The city survived not only the Mongol invasion, but also the Turkish invasion, the takeover by the Habsburgers and the transition into the Austro-Hungarian Empire. During the fighting in World War II, almost half of the buildings in the city were destroyed. The remains of more than 4 thousand Soviet soldiers were buried in mass graves in the city cemetery.

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After the war, the Baroque buildings in the historic center were restored, and the rest of the city was built up with modern standard houses typical of the socialist countries. Sekeshfehervar was transformed into a major industrial center. The most important factories were the Ikarus bus plant, which in the past was very popular in this country (and in dozens of other countries, too), and the Videoton TV and radio equipment factory (Wikipedia article).

What is Sekesfehervar like today? I’ll show you and tell you.

From the railway station the navigator took us through Prohászka Ottokár út. Street names I will not write in Russian, not to confuse the names, because the Hungarian (or Magyar as it is also called) is one of the most complex languages in Europe.

At Prohászka Ottokár út – nothing to do, all sovdepia. It is as if you are not in Hungary, but in your homeland. At Vörösmarty tér are already houses, the details of which you start to look at.

And here is the man after whom the square is named – Mihály Vörösmarty (sometimes it’s called Michael Vorósmarty), the Hungarian poet and playwright.

Várfal park (literally translated as “Castle Wall Park”) is the starting point for many tourists and visitors. After all, it is from here that it is convenient to start your route.

In fact, the remains of the city wall. The two towers of Szent István Cathedral are in the background.

In the center is the Püspök-kút, the bishop’s fountain. The composition features four bishops and an Arpadian warrior standing on top of the column .

At the beginning of F.Liszt Street is a tactile map of the city (2016).

Here is also a place for selfies

F. Liszt Street (composer and greatest pianist of the twentieth century).

The old woman in a scarf is a monument to the simple milkmaid Kati Neni (baba Kata), which has become an indispensable attribute of city life. When passing by, you should touch her for good luck and happiness.

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The main square in the Old Town is Varosház tér, or Town Hall Square. In the background are the towers of the Cistercian church of St. John of Nepomuk.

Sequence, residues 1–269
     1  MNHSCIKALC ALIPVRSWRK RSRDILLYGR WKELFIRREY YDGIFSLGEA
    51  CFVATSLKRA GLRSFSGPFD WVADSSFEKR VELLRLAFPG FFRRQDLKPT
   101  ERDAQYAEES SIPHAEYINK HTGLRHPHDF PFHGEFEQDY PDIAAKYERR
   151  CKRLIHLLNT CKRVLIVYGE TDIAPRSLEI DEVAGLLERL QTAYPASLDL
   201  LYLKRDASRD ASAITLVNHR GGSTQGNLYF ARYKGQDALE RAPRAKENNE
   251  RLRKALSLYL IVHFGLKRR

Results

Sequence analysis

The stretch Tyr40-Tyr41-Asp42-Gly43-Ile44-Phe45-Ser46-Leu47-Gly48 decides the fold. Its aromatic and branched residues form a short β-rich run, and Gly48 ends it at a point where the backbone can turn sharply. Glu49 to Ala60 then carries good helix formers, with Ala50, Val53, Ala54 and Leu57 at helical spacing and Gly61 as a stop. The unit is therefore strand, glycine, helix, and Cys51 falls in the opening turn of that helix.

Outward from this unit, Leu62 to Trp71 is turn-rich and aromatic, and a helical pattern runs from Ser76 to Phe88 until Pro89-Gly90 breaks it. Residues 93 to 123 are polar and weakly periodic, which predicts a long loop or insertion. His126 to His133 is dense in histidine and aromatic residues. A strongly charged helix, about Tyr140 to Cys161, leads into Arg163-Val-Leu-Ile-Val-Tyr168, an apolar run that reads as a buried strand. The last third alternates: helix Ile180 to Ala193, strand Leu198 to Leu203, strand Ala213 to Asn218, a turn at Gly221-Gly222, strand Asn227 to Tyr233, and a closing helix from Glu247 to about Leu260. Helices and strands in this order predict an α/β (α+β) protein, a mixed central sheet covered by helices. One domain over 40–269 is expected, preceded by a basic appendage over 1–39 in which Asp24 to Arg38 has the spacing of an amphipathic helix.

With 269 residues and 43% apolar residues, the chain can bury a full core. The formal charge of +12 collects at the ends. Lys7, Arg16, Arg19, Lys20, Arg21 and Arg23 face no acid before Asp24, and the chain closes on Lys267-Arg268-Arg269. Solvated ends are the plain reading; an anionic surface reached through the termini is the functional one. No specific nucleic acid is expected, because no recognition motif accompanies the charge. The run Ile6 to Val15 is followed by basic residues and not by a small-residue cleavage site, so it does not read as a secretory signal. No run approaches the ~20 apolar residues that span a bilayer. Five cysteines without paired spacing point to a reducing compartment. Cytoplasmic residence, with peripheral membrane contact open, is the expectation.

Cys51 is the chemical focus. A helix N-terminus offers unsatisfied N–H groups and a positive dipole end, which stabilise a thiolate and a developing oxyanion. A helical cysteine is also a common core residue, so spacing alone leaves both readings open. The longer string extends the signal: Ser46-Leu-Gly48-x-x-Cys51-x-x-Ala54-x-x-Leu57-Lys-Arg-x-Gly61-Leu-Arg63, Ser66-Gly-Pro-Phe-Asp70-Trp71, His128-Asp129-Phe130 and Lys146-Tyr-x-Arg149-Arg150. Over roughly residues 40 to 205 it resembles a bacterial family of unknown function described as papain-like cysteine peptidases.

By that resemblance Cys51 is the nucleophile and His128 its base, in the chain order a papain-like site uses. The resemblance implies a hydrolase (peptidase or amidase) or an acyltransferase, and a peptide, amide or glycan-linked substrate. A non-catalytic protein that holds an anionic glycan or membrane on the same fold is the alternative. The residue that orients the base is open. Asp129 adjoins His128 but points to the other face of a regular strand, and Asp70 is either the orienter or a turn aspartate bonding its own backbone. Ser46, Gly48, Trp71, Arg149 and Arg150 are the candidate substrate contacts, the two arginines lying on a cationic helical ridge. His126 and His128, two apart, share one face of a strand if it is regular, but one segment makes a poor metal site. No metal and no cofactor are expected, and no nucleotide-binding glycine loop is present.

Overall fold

A monument to the 10th Hussar Regiment of the famous Hungarian cavalry, which existed from 1741 to 1918 in the form of a barely dressed rider on a horse. Residents of the city joke that the hussar is naked because he is standing right up against the windows of the Tax Commission of City Hall.

City Hall – consists of three buildings that were erected at different times. The main building dates back to the medieval period of the city’s history. It can be easily distinguished by the flags and two statues above the entrance. The building was thoroughly reconstructed in Baroque style immediately after the fall of the Turkish yoke in 1688.

The Derzhava fountain is a huge marble ball, which is held by three lions and symbolizes the Derzhava, and the crown on the ball represents the power of kings. The lions also hold the royal coat of arms. On the pedestal are engraved three most significant dates: 1001 – crowning of King Stephen, 1688 – liberation from the Turkish yoke, 1938 – 900 years since the death of King Stephen.

Around the ball there is a commemorative inscription: LIBERTATES CIVITATI ALBENSI A. S. REGE STEPHANO CONCESSAE – “The Great King Saint Istvan granted Fehervar the right to be a free city”. A marble orb stands on three lions, and on its top is a crown symbolizing royalty and a cross – recognition of Christianity.

Below, in the background on the left, you can see a piece of the Bishop’s Palace, which was the royal residence until the mid-16th century. It is now the official residence of the bishop. On the right is the road to the Garden of Ruins (Koronazo Square). It represents the remains of the foundations of the cathedral where the Hungarian kings were crowned.